2. More seriously, it isn't a difficult decision. If you were in the position of having cash and knowing that it would be needed within a year, you wouldn't invest it in equities, would you? So sell in the morning.

    ReplyDelete
    Replies
    1. You're quite right, and I just have :-)

      Delete
  3. Hi. I've just discovered your blog and I'm enjoying reading the posts very much. One thing confused me here, though. What does TFLS stand for? Thanks!

    ReplyDelete
    Replies
    1. Many thanks for reading and my apologies - TFLS is Tax Free Lump Sum - which may be the 25% tax free portion of a defined contribution pension pot, or, as in the case of my defined benefit pension, an automatic lump sum attached to the pension which can often be increased by commuting the pension itself.

      Delete
    2. Mr Brown (boo! hiss! geroff!) retitled it the Pension Commencement Lump Sum, so it's pretty obvious what his intentions towards it were.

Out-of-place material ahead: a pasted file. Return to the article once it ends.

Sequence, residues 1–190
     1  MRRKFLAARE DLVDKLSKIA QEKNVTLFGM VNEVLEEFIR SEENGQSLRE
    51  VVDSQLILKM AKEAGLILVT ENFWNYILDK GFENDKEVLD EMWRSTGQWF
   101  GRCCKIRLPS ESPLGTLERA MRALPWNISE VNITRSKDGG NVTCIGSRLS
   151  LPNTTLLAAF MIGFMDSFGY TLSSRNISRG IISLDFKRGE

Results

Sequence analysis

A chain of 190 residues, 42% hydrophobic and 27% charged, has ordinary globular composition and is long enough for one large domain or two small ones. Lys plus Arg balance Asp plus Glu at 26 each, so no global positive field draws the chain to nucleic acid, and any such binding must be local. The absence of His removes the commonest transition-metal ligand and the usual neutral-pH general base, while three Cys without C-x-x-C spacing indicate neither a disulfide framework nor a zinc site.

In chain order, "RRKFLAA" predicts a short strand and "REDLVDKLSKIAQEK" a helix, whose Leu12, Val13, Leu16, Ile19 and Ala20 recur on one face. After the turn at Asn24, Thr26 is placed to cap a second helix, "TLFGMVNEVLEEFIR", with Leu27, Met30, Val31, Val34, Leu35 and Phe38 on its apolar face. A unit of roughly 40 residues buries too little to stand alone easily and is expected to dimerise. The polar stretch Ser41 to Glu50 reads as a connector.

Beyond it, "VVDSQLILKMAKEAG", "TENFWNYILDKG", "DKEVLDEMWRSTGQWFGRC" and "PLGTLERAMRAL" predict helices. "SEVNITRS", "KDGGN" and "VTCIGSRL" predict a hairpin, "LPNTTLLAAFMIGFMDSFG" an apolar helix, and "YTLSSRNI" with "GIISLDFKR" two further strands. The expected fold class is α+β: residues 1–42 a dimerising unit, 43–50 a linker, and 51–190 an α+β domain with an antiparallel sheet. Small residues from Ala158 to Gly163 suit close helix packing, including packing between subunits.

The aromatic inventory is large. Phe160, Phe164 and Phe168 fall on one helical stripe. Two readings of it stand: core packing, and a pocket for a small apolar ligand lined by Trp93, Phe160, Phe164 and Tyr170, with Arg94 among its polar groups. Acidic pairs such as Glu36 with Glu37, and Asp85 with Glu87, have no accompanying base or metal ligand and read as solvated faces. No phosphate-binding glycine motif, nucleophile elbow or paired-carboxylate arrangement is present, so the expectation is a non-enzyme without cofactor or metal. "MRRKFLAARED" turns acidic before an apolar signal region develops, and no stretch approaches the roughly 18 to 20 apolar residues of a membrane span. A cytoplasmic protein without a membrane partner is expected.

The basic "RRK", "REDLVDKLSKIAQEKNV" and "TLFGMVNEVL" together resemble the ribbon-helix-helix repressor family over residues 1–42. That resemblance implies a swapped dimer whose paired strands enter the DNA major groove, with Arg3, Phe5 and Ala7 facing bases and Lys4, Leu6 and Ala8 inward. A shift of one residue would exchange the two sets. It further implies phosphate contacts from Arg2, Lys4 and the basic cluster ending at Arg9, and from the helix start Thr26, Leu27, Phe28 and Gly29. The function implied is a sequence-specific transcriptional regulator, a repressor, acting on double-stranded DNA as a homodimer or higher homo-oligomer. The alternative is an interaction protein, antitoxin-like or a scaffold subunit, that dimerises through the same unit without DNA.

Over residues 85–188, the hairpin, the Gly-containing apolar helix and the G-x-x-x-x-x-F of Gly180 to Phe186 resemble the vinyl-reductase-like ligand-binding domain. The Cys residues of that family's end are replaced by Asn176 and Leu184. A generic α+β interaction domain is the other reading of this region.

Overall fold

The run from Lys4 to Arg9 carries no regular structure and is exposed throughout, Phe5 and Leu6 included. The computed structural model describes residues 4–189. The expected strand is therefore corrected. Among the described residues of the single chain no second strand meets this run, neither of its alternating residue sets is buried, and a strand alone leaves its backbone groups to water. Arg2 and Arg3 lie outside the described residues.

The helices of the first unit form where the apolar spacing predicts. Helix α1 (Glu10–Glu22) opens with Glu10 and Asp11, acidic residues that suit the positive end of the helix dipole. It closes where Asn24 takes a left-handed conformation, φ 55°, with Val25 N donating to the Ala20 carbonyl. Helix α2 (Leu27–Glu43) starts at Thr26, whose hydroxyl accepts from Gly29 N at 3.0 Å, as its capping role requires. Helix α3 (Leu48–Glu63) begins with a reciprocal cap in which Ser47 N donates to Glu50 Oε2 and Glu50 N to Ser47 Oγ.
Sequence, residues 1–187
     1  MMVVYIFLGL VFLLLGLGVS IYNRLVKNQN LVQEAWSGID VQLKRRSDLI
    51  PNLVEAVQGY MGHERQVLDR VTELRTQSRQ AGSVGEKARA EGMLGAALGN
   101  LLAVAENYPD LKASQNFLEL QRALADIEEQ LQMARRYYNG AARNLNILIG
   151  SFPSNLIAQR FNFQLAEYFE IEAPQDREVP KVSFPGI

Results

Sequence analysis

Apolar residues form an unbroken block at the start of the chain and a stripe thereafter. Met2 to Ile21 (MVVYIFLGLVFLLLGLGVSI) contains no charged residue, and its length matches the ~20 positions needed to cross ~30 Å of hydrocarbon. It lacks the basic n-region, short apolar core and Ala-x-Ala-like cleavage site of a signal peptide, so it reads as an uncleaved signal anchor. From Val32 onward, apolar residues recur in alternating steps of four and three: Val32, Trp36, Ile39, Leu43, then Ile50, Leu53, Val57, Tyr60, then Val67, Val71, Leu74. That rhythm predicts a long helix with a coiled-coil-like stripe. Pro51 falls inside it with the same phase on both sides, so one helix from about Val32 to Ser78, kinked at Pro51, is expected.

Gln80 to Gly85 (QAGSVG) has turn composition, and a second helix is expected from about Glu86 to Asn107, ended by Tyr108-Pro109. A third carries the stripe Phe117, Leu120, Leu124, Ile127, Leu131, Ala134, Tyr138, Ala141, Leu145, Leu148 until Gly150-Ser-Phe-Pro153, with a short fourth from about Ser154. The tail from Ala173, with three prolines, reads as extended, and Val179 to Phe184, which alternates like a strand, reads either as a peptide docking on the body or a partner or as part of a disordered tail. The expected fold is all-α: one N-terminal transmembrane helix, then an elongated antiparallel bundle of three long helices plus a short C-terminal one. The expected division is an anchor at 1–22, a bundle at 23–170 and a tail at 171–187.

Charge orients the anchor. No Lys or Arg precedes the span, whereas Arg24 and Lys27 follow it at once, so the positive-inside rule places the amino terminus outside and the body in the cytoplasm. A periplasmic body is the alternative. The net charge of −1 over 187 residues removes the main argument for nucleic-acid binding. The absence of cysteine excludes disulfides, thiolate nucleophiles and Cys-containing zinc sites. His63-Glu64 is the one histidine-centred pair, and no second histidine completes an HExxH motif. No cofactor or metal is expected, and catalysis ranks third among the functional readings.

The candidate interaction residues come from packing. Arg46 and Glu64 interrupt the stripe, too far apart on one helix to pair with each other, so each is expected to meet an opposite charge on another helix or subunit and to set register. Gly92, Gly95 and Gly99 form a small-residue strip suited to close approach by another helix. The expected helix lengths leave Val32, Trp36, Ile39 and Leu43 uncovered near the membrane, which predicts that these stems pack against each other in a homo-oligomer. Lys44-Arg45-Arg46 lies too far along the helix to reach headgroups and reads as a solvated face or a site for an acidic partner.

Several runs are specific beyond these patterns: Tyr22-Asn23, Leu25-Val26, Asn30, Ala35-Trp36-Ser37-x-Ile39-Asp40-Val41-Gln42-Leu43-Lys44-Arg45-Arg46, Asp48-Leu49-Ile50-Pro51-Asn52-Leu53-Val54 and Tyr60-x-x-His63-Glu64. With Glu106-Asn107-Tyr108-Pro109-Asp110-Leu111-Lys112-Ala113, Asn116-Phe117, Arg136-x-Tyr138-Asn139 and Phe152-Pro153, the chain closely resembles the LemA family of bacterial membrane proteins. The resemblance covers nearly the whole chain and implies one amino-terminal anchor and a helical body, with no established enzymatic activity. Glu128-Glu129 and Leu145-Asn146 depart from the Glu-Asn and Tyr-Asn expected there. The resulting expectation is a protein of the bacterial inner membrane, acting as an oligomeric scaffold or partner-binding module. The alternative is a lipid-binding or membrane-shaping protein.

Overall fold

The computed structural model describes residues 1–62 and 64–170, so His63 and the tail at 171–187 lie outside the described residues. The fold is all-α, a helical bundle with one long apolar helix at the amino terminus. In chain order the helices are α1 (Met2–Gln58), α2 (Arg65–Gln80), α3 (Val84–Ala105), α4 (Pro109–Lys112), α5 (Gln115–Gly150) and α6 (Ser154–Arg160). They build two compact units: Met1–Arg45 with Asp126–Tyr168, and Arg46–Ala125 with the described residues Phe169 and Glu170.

Gather ye rosebuds while ye may,
      Old time is still a-flying;
      And this same flower that smiles today
      Tomorrow will be dying.

      D'ye think we could persuade the world to refer to the TFLS as "the rosebud"?

      Delete
    3. Well maybe, :-) but there are plenty of far more precious things in danger of disappearing I fear.

      Delete
  4. All sounds like a good idea to me, Cerridwen! The VR situation--even without a larger redundancy payout--sounds like it could leave you in a very healthy long-term position which is good.

    As dearieme says, if you have a need for the money fairly soon it all seems a good idea to liquidate some of your equities (especially high charge ones) in readiness!